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Children's Literature @ NYPL
"Wildwood": A Review
I was drawn to Colin Meloy's Wildwood for two very superficial yet important reasons.
First, the cover is spectacular!
Carson Ellis has done illustrations for Lemony Snicket's The Composer is Dead and Trenton Lee Stewart's The Mysterious Benedict Society. In Wildwood, Ellis gives the readers a beautifully illustrated novel complete with colored bookplates — something I haven't seen in quite some time.
The second reason I picked up the book is because I've been a fan of the author's day job as frontman for the band The Decemberists, and while I'm often skeptical of books written by celebrities (I'm looking at you Snooki!), I was still curious enough to check it out.
Wildwood starts in Portland, Oregon, where seventh grader Prue McKeel witnesses her baby brother being kidnapped by crows while she is babysitting. She watches him float towards the "Impassible Wilderness," a dense forest outside of Portland that no one dares to enter. Prue sneaks out early the next day with her neighbor Curtis in search of her brother, but is almost immediately faced with a pack of vicious coyote soldiers and is separated from her friend. What starts as a desperate rescue mission becomes much bigger when the friends find themselves thrown into the turmoil of a magical land called Wildwood.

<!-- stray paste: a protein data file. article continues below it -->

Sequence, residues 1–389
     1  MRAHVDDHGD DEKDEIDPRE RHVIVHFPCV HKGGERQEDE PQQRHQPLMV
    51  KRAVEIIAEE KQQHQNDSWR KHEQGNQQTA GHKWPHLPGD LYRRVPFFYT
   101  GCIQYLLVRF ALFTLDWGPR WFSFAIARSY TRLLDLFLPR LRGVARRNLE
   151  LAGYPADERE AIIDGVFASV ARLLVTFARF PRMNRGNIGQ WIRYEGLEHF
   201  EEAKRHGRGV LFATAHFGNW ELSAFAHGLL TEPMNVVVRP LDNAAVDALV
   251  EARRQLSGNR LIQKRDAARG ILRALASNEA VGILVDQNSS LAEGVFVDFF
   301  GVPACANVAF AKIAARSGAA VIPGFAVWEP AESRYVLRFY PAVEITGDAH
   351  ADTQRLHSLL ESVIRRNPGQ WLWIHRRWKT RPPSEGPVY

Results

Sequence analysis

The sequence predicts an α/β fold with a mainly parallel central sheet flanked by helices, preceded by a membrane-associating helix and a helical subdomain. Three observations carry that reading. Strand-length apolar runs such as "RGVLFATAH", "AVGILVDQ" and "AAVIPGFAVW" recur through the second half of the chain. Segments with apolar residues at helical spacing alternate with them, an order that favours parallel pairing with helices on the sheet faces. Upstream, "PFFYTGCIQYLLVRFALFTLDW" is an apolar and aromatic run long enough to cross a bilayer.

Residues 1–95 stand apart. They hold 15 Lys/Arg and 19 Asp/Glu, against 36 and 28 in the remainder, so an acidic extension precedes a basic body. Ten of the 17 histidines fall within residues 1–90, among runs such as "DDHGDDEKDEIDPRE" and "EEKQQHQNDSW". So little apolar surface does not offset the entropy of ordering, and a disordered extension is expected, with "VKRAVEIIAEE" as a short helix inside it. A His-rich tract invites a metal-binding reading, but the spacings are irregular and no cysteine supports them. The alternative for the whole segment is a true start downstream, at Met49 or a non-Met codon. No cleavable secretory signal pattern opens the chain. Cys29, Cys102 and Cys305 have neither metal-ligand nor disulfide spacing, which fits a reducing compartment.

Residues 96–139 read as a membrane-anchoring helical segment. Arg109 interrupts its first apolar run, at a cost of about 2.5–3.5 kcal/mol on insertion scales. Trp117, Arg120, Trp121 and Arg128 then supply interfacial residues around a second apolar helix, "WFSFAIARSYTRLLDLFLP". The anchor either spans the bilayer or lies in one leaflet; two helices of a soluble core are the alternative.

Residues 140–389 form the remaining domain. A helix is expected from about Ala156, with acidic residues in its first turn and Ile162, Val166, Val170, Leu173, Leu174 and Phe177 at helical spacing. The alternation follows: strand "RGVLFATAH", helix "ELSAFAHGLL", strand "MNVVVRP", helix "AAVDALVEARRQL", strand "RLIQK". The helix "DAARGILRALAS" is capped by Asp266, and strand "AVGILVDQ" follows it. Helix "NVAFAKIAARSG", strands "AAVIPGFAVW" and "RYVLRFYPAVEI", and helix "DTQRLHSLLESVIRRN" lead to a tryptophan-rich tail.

I really enjoyed this book, all 541 pages of it! Winter is on its way, so if you are looking for a great adventure story to sink your teeth into as the days get shorter, look no further. Meloy's story can get a little lengthy at times for my taste, but experiencing the world that he creates is worth it. Ellis' illustrations are just perfect and such a treat.